The City Council voted on Saturday to direct $671,570 in federal funding to provide rent assistance for low-income families in Alexandria.
The catch, however, is that this funding will be used for rental assistance only for those living in the city’s assisted housing developments, like those managed by Alexandria Redevelopment and Housing Authority, and including non-profits and set-aside affordable units the city received through the development process.
The $671,570 comes from the recently approved CARES (Coronavirus Aid, Relief, and Economic Security) Act. The funding includes $1.1 million in block grants and $585,127 in Home Investment Partnership Program funds.
“Our allocation of regular federal funds this year will be over 1.6 million, the bulk used by housing to support the multifamily rental development program and our home rehab loan program, both targeted to help very low and low-income families,” said Helen McIlvaine, director of the Office of Housing.
McIlvaine said the CARES Act funding will allow the Office of Housing to make payments up to $500 per month on behalf of tenants in low-income housing to landlords. The funding will help an estimated 450 households, she said.
“We feel that this is impactful for future rent repayment burdens when their situation may still be perilous,” McIlvaine said. “We also hope to be able to deploy the money quickly. If we do, we think we would be well-positioned for future grant funds.”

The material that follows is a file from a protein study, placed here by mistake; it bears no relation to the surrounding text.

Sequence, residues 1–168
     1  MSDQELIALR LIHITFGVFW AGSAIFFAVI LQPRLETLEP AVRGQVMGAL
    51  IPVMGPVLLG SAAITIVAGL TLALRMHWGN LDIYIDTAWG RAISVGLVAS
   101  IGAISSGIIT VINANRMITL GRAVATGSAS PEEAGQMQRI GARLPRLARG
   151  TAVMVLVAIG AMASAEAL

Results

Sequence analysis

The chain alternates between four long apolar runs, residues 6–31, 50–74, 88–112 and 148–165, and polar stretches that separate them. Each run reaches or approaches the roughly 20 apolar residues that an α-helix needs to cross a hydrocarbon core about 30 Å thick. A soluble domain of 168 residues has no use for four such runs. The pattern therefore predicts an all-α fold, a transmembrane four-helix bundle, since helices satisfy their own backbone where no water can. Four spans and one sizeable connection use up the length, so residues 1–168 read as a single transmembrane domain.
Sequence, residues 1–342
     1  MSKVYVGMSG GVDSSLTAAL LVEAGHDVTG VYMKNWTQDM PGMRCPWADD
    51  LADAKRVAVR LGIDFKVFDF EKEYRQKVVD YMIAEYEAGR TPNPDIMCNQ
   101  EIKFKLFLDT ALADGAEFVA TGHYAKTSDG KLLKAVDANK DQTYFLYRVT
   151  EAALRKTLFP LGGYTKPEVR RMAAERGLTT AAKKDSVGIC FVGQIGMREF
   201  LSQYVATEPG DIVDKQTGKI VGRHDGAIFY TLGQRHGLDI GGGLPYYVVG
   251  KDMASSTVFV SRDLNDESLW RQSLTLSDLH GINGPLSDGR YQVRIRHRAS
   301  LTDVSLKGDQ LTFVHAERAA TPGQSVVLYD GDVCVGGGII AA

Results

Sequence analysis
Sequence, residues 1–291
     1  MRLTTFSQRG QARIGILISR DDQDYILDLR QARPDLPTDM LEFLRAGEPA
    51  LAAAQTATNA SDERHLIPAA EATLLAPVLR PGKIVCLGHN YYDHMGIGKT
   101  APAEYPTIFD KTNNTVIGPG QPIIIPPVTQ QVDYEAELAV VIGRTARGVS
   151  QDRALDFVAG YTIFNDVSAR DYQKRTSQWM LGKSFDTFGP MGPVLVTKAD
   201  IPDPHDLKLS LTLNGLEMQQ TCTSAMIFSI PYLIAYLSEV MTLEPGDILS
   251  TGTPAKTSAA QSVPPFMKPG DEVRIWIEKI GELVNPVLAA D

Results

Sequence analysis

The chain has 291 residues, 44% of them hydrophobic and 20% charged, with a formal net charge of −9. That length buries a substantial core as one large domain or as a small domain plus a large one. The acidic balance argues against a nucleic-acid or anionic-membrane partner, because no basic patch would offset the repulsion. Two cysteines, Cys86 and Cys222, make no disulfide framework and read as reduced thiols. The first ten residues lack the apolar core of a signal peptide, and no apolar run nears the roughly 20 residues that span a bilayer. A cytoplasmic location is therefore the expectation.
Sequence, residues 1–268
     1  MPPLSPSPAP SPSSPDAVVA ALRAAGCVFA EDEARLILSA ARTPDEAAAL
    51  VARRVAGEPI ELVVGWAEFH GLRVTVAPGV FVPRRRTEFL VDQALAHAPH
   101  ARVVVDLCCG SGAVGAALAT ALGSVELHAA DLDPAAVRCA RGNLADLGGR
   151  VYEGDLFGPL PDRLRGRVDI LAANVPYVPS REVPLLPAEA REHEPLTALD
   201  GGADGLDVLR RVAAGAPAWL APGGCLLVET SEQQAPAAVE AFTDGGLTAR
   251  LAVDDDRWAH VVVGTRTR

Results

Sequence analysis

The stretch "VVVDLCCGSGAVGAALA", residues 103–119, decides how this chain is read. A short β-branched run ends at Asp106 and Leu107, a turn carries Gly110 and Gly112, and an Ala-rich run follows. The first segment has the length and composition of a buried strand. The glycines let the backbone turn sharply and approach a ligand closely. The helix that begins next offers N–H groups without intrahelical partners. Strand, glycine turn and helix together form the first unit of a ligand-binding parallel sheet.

McIlvaine added that the funds do not have any strings attached related to the beneficiary’s legal status, meaning they will be available to residents regardless of their documentation.
There was some worry on the City Council after the PPP loans ran dry, as concerns rose that the same might happen for affordable housing funds.
“I know these are two different pots of money, but we’ve just seen the small businesses run out of money in two weeks,” Councilwoman Amy Jackson said. “That was $350 billion. What do you think the odds are that we will get all of the money we’re asking for and be able to sustain that into the fall? Do we have a plan B?”
McIlvaine said the current $671,570 is already in the pipeline and that the funding should be available within the next 30-45 days, after which the Office of Housing will begin providing assistance. In many cases, McIlvaine said it will just be enough to operate a unit and keep the lights going over the period when rents might not be paid.
“It’s not all we need,” McIlvaine warned, “but it’s a start.”
Staff photo by Vernon Miles